If these 2 premises are true, then the conclusion is true that the universe had to have a designer. What characteristics could we infer about this designer from the conclusion?

  • Intelligence – far beyond that of any human designer to understand complex and interdependent “systems of systems” comprising the universe.
  • Foreknowledge – far beyond any human ability to anticipate highly complex interactions and plan for those contingencies.
  • Power – far beyond any human capacity to alter our surroundings (we celebrate when we figure out how to copy something in nature successfully; making all of nature from scratch is in a whole other league of accomplishment).
  • Intemporality and immateriality – no design precedes it’s designer. If the universe (and therefore all of space and time) had a designer, then that designer had to precede the universe. Therefore the designer would have to exist outside of space and time.
  • Benevolence – It’s relatively easy to imagine many ways our universe could be organized that would result in life being a much harder, more miserable, existence for us. Also, the fact of our unique position in the universe to be able to see so much of it could be an example of a deliberately placed trail leading us back to this designer.

These correspond well with the omniscient, omnipotent, omnipresent, eternal, loving God of the Christian Bible. So then, how do we respond to this? We could a) accept the evidence left for us by this God, and seek after Him, b) deny the evidence having honest doubts, but attempt to offer an alternative that explains the evidence as well, or c) simply refuse to consider the evidence. Please, don’t be content with this last option.

[1] Hugh Ross, “Fine Tuning for Life in the Universe”, http://www.reasons.org/articles/fine-tuning-for-life-in-the-universe, accessed 2014/08/03.
[2] “Why is the Number of DNA Bases 4?”, by Bo Deng, Dept. of Mathematics, University of Nebraska – Lincoln. Published in the 2006 Bulletin of Mathematical Biology.
[3] Werner Gitt, Without Excuse (Atlanta: Creation Book Publishers, 2011), p. 162-166.
[4] Stephen Meyer, Signature in the Cell (New York: Harper Collins, 2009), p. 466.
[5]  ibid., p. 473-474.

The Cosmological Argument

Spiral Galaxy NGC 1566, courtesy www.nasa.govThe Cosmological Argument is not one argument, but rather a group of several arguments for the existence of God proposed by different thinkers over the centuries. Here is one relatively simple form of it –  just 2 premises and the conclusion – but with a lot packed in those 2 premises, and a serious implication inferred by the seemingly modest conclusion. Whole books can be written on each point[1], but in a nutshell, it goes like this:

Premise 1) Whatever begins to exist has a cause.
Premise 2) The universe began to exist.
Conclusion) Therefore, the universe has a cause.

Premise 1 is simply the law of causality, (i.e. cause and effect): the effect (beginning to exist) has a cause. This law is not only fundamental to science, but also verifiable by anyone through our everyday observations. Nobody walks into a room and, seeing a ball rolling across the room, assumes the ball has always been in motion. We instinctively look in the direction the ball rolled from to see who or what caused it to roll. Notice that this premise does not say that whatever exists has a cause, but that whatever begins to exist does. If either the theist’s God or the atheist’s universe is eternal, then neither would require a cause. Hence the atheist’s question of “Who made God?” is as irrelevant as asking them who made the universe in their view. No one needed to. That’s the nature of anything being eternal.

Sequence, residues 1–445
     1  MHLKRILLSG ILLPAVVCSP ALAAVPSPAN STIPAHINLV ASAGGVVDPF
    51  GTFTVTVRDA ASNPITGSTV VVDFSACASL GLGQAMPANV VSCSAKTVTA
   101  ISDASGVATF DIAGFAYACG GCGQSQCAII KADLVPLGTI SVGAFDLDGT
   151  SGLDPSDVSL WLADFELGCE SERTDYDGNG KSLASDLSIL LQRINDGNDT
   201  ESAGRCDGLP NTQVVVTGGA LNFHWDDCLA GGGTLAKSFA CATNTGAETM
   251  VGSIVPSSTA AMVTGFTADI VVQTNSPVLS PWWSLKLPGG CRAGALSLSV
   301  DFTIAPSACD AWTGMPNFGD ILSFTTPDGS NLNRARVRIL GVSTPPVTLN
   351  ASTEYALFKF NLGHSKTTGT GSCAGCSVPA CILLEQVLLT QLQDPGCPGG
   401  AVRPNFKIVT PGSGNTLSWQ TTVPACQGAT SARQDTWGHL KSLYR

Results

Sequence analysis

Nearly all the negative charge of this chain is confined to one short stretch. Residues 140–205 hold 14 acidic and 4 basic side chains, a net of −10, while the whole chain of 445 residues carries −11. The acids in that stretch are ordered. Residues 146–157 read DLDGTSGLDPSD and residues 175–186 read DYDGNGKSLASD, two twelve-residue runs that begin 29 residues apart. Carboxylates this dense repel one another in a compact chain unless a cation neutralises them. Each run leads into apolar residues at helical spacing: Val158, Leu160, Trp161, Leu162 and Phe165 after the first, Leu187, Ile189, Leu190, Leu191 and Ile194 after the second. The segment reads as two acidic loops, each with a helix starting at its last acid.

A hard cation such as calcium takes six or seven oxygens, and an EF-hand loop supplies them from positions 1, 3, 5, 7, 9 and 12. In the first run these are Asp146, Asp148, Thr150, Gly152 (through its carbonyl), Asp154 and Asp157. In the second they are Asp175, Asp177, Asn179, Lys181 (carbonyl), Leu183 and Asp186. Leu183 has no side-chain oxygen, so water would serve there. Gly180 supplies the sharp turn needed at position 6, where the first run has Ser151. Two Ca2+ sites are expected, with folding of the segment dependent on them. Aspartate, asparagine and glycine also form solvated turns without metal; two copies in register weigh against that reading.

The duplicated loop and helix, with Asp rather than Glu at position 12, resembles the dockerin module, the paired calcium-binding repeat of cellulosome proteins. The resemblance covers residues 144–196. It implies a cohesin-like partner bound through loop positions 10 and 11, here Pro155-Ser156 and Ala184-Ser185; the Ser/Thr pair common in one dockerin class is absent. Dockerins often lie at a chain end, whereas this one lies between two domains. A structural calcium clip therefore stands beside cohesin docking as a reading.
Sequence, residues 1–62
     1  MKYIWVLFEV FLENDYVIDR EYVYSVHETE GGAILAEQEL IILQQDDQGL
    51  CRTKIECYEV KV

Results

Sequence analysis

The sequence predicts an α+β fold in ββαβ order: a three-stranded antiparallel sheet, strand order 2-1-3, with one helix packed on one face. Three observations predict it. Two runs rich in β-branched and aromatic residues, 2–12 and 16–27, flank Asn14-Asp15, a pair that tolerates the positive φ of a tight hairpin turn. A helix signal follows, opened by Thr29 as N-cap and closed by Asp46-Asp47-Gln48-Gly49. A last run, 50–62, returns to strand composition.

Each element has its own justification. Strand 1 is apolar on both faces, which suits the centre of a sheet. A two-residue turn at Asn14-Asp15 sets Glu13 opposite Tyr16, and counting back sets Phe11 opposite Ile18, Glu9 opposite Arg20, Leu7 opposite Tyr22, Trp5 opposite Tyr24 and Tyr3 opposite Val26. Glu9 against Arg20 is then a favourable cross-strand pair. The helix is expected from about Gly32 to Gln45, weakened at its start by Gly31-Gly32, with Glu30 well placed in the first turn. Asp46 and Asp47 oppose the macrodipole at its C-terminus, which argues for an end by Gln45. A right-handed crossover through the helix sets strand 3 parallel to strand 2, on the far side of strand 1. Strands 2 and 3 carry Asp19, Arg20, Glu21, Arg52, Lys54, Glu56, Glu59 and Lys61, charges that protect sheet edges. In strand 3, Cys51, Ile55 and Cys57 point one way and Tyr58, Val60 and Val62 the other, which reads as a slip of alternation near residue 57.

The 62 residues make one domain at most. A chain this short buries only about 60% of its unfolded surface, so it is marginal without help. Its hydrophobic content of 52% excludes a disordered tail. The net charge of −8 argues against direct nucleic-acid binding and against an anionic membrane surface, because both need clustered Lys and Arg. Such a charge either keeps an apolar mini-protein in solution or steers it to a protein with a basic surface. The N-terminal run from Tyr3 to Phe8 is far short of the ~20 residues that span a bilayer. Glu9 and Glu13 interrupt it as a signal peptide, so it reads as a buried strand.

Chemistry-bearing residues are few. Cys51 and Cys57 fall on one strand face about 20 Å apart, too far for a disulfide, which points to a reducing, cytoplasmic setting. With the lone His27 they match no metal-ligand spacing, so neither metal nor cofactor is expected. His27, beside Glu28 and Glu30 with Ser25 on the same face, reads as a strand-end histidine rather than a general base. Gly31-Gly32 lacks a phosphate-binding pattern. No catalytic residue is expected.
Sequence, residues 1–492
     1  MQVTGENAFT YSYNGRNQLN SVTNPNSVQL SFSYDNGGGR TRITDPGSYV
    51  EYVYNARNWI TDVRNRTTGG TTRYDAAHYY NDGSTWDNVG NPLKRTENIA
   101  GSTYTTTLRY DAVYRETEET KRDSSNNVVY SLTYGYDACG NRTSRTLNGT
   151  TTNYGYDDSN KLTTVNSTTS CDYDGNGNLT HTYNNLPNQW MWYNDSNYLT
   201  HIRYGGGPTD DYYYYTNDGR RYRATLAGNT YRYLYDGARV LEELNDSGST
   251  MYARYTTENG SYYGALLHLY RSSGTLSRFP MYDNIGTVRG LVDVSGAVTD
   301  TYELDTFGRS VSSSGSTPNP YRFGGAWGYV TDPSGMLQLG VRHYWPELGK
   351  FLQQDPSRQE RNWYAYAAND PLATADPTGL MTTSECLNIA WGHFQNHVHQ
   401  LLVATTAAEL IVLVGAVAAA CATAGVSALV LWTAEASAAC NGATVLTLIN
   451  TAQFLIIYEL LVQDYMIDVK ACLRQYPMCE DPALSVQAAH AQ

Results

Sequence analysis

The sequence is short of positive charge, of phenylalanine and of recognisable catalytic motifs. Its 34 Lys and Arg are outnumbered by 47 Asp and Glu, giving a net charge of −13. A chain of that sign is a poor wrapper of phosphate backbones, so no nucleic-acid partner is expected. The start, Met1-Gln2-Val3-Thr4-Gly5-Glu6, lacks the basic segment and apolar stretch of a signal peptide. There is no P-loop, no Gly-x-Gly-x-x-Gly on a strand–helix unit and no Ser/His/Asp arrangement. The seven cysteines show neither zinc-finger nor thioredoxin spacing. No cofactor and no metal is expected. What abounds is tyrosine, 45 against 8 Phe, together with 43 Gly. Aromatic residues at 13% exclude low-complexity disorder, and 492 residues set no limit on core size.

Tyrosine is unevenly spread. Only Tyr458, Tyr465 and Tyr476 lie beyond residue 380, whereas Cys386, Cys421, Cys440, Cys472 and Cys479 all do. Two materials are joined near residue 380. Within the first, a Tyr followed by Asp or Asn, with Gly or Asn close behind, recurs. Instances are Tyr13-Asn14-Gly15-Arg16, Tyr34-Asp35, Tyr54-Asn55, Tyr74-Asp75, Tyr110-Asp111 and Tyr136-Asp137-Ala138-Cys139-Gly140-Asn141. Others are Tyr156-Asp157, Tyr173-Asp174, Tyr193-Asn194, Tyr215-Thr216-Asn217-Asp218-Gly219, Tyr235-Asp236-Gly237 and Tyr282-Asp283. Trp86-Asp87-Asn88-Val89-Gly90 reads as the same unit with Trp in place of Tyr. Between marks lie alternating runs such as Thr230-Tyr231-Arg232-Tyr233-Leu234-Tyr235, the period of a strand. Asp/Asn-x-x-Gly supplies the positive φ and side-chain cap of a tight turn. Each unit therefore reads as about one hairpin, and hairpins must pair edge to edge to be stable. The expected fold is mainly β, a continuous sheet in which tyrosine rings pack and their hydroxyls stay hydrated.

But Premise 2 then eliminates the option of an eternal universe through three independent lines of reasoning: one scientific and two philosophical. First, a host of scientific evidence points to the universe having a definite beginning. The Standard Cosmological Model (the “Big Bang”), whether you agree with the specifics of it or not, has withstood decades of attempted refutation and points to a unique beginning to all space and time at a single point in history, a singularity where space and time cease to exist prior to that point. Another insurmountable obstacle is the 2nd Law of Thermodynamics. This is the most universally accepted physical law, so much so that it forms the basis of the US Patent Office refusing to grant patents for perpetual motion machines without a working model. As Sir Arthur Eddington said, “if your theory is found to be against the second law of thermodynamics, I can give you no hope; there is nothing for it but to collapse in deepest humiliation.”[2] The universe is only winding down. But if it is only winding down, that means it had be wound up.

Attacking the possibility of an eternal universe philosophically, we have two more abstract, but nevertheless valid, approaches. First, an eternal universe would require an infinite regress, but there can be no actual infinite regress because an actually infinite number of things cannot exist. A beginningless series of events in time entails an actually infinite number of things (events in this case). Therefore, a beginningless series of events in time cannot actually exist.

The second philosophical rationale is that one cannot traverse an infinite series. The series of events in time is a collection formed by adding one member (or event) after another. A collection formed by adding one member after another cannot be actually infinite.  So then, the series of events in time cannot be actually infinite.